In lieu of such action-packed films as "Avengers: Infinity Wars" and "Jurassic World," "Christopher Robin" gives us refreshing experience with a childhood classic. Where the aforementioned summer blockbusters stare down seemingly hopeless scenarios, "Christopher Robin" teaches us to take a vacation from work. And, somehow, that lesson shatters my current lifestyle of school, work and rest. The silly ol' bear's simple perspective in life undresses our complex world to its "bear" bones, revealing the needlessly complex and harmful attitude we put in front of our happiness.
First, let's talk about the 100-acre wood gang's appearance. For the most part, they look as they might if they were actual, sentient dolls capable of thinking, worrying, bouncing and groaning. Winnie the Pooh, in particular, has a lot of face time, calmly looking into your soul with his literal little beady eyes, questioning your very existence. Interestingly enough, Rabbit and Owl don't quite have the same plush stitch work as the rest of the animal friends, perhaps to stay true to the original work's depiction the characters' life.
The movie begins, of course, with a going away party in which the young Christopher Robin…goes away. We're then taken through a montage of Christopher's hard life through boarding school, the early death of his father, his marriage, his deployment to fight in WWII and his return to his wife, played by Hayley Atwell, and daughter, Madelyne, played by Bronte Carmichael. Cut a few years to the future, where Christopher is now managing the efficiency branch of Winslow Luggage Company. His daughter, a smart but serious girl, approaches her first year in the same boarding school Christopher attended. It doesn't take long before the viewer sees how Christopher somehow lost touch with his childhood, which is putting a lot of pressure on Madelyne.
Christopher sends his wife and daughter to his childhood cottage on vacation while he stays in London to deal with large financial cuts in his company. During this pinnacle phase in Robin's career, the silly ol' bear crawls through "the hole in which Christopher Robin is known to appear," right into a small park across the street from Christopher's London home. From here on, be prepared to be drowned in solipsistic one-liners from an eerily calm and chaotic Pooh. Over the course of the film, Pooh's relentless disposition of life erodes Christopher Robins errorful adult mindset through a simple statement he made as a child: "Sometimes the best something comes from nothing."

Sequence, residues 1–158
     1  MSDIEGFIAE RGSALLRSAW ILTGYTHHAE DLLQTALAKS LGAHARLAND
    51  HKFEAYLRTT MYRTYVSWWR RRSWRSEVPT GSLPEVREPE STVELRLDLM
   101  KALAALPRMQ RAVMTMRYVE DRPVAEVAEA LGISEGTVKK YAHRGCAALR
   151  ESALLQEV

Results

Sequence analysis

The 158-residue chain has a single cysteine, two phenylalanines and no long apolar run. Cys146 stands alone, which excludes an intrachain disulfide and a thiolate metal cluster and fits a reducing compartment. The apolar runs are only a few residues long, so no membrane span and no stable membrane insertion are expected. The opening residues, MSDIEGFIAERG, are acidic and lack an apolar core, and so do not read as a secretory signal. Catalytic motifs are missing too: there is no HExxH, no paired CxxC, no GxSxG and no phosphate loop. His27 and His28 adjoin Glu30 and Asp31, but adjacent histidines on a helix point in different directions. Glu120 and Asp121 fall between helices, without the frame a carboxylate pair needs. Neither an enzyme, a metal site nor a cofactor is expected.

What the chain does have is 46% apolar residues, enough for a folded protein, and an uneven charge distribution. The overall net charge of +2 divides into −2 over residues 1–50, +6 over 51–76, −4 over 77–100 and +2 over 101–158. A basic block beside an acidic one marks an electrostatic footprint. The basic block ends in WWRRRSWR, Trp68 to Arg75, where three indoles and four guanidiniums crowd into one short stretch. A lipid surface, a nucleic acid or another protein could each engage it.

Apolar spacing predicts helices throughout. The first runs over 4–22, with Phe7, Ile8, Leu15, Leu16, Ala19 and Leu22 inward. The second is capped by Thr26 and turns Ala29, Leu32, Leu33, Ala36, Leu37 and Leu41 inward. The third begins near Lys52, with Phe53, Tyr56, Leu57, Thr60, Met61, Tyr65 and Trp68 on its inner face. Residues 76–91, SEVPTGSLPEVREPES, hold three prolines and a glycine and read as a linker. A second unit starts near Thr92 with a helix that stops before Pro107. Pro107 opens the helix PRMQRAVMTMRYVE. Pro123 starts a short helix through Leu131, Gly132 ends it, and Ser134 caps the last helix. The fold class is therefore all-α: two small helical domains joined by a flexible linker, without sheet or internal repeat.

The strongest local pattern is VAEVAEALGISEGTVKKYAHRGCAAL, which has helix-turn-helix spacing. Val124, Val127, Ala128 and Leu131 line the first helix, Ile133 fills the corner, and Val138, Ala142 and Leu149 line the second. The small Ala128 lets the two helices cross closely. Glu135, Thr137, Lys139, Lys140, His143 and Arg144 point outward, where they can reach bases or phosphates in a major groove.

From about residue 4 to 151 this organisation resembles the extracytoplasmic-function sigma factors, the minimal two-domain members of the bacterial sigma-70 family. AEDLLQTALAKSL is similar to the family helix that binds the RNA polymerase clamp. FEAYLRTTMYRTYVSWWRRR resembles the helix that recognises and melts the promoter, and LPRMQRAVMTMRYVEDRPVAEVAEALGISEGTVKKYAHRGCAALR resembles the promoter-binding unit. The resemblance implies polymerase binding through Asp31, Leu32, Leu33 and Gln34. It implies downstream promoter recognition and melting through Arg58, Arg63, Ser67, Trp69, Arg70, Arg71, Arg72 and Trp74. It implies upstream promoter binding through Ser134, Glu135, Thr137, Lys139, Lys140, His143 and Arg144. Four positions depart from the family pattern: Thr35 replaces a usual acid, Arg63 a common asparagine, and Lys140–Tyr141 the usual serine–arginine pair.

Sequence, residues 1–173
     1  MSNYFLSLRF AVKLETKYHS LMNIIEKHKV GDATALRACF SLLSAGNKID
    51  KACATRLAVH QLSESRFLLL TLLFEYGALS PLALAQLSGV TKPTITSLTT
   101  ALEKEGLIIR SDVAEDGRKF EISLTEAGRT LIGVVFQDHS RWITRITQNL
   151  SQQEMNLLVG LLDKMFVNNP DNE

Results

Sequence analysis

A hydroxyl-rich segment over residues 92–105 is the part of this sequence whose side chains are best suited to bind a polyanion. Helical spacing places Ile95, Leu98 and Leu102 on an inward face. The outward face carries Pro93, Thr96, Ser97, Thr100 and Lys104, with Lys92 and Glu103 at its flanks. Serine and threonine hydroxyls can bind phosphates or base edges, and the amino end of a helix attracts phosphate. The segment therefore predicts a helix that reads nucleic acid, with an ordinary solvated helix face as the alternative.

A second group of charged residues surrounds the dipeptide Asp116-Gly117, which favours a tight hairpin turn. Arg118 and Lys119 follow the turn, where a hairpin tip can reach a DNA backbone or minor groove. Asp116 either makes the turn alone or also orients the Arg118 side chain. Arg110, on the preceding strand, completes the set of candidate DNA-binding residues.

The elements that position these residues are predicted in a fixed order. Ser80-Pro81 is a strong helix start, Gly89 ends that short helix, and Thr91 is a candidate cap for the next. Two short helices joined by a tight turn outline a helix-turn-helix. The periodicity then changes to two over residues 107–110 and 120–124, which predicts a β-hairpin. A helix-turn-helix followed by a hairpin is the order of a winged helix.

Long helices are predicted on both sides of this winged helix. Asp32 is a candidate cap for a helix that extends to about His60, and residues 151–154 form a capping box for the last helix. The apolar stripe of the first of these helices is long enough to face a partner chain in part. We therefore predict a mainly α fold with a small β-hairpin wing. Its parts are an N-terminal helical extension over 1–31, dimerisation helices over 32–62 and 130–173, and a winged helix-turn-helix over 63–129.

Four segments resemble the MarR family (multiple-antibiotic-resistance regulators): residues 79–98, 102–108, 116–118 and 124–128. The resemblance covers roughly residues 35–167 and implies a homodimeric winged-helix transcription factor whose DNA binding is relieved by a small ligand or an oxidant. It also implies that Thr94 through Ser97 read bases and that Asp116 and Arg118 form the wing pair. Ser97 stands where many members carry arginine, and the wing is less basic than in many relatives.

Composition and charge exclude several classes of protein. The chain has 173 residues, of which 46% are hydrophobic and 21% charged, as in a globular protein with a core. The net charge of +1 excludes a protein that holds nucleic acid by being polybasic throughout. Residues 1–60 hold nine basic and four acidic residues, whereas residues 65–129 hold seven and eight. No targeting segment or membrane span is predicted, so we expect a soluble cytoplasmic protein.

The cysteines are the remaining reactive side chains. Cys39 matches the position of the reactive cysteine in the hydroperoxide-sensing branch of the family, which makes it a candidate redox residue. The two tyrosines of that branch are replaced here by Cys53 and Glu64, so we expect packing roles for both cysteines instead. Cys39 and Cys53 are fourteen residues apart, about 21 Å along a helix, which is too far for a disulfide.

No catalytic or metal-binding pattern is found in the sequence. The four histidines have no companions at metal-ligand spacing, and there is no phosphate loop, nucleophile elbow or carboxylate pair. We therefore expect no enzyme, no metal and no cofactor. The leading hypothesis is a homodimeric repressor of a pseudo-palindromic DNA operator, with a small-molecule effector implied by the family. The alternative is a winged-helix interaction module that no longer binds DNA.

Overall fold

Toward the second half of the movie, we see Tigger, Eyeore, Piglet, Pooh, and Madelyn embark on "an expedition" to save Christopher from the heffalumps and woozles, the heads of the Winslow Luggage company. We watch the heroic party retrace the path Pooh took with Christopher, encountering familiar sites, and performing the same jokes, such as the game "Say What You See, the game in which you say a-what you see."
This movie is, in a word, pleasant. The world crafted by Marc Forester is beautiful. I would call it magical, but the magic lies within his ability to turn the everyday object into something magical, like a red balloon or a pot of honey tracked across the house. I went into this movie skeptical, but I walked out feeling refreshed and at peace.